The attorney-client privilege is sacred at the core of what it means to be a lawyer. And when you are corporate counsel, your client is the company; accordingly, you are protecting the very organization that signs your paycheck, and to whom, in many jurisdictions, you owe a duty of loyalty as an employee. Due to recent changes in the laws and monetary bounties for "whistleblowers," more companies have found themselves confronting an increased number of employees with whistleblower complaints and allegations. But what happens when it's the company's corporate counsel who identifies potential illegal activity by the company and brings a whistleblower complaint or allegation to light? What about the corporate counsel's obligation to retain client confidences? Does the reasoning change with the possibility the corporate counsel whistleblower making millions of dollars by turning the company in? Timothy O'Toole of Miller & Chevalier has been working on cases of whistleblowing and discusses the history of whistleblowing, ethical responsibilities of lawyers, and the narrow exceptions in which corporate counsel might be able to blow the whistle.
While whistleblowing is certainly not new laws within the U.S. regarding this subject date back to 1778 recent laws and rewards, however, have drawn renewed attention to the practice. "At a federal level," says Tim, "whistleblowing provisions can be found in securities laws, tax laws and the False Claims Act, which generally applies to government contracts." While the whistleblowing portions of each one of those laws vary, the recent rewards underlying a successful claim can be significant. States Tim, "They generally provide employees who expose significant wrongdoing by their employers with bounties of up to 30% of the amount recovered by the government." Recent rewards have topped $100 million.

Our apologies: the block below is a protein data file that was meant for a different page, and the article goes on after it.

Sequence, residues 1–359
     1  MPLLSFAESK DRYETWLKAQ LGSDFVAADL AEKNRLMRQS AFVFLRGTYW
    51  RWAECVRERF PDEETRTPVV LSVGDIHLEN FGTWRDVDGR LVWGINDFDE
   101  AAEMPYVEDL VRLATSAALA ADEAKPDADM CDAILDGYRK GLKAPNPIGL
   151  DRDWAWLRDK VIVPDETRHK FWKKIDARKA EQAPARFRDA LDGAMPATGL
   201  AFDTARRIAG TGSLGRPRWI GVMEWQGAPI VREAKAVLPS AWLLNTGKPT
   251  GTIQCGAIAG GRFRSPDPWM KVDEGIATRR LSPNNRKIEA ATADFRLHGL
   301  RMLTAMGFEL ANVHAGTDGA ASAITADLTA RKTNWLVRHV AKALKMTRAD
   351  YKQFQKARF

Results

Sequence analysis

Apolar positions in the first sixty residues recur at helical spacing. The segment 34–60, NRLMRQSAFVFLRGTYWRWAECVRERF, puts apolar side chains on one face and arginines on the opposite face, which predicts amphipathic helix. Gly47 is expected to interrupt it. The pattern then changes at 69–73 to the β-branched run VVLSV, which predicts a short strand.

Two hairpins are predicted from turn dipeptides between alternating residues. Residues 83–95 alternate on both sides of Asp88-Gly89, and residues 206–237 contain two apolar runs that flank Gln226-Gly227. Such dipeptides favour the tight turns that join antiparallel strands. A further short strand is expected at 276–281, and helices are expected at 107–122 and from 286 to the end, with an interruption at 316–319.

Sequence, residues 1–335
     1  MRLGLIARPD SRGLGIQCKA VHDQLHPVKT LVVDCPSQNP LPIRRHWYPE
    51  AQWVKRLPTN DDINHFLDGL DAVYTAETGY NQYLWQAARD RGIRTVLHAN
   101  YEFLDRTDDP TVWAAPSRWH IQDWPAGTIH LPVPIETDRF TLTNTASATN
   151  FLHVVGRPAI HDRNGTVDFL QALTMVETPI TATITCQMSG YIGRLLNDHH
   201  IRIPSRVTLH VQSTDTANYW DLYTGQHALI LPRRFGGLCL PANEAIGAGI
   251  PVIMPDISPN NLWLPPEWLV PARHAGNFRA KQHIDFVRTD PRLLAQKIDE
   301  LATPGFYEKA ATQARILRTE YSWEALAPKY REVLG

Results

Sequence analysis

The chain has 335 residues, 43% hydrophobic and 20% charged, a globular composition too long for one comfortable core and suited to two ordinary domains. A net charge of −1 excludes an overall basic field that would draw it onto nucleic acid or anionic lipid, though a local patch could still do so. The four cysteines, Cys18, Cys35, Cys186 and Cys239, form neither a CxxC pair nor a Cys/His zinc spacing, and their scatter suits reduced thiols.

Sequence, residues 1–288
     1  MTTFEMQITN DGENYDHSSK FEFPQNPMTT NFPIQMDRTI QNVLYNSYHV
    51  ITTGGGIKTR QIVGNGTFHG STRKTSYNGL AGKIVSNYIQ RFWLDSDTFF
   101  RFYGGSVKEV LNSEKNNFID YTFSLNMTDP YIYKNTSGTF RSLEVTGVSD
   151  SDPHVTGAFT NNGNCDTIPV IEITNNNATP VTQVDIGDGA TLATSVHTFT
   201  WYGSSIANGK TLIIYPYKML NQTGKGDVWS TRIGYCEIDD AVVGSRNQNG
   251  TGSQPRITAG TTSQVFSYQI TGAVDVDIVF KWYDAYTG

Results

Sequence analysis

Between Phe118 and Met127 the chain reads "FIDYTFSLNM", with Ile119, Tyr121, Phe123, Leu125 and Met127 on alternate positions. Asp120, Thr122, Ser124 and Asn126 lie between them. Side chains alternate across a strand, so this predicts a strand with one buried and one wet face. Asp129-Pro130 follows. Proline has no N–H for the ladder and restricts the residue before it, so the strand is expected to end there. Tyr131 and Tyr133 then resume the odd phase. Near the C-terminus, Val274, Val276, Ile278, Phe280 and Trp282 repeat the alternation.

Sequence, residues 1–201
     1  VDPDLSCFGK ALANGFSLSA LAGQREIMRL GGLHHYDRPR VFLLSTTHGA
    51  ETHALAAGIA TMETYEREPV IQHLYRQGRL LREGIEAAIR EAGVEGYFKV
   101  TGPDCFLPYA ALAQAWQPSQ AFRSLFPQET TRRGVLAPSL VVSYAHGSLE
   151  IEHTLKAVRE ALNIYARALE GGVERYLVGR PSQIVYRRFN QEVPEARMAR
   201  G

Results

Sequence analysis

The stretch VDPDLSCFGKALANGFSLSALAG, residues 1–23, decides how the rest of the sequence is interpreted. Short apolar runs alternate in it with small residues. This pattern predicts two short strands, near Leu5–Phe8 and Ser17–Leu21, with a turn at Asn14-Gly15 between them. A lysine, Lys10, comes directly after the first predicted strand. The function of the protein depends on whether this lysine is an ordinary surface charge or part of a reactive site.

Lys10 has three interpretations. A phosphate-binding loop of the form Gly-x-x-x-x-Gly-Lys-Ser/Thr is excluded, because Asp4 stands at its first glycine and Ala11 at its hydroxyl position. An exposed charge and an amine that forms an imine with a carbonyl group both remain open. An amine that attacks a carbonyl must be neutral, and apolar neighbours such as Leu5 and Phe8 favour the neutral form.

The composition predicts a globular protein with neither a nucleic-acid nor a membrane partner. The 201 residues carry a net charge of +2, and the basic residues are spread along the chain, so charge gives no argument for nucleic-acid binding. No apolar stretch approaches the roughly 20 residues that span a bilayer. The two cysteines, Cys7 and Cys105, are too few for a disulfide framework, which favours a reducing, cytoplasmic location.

While these numbers and bounties can be tempting, corporate counsel have special constraints when it comes to whistleblowing on their employers. Explains Tim, "Although the whistleblowing guidelines do not categorically exclude lawyers, as a practical matter they are almost always ineligible for these awards because their duties of confidentiality and loyalty will prohibit them from providing information to government authorities, if that information was learned as part of their representation." That goes for both past and present employers, and is enforced by both the Securities and Exchange Commission (SEC) rules (including the Sarbanes Oxley Act & Dodd Frank Act) and the American Bar Association's Model Rules of Professional Conduct. "Both generally prohibit lawyers from affirmatively providing information to authorities that was learned in the representation of their client," says Tim.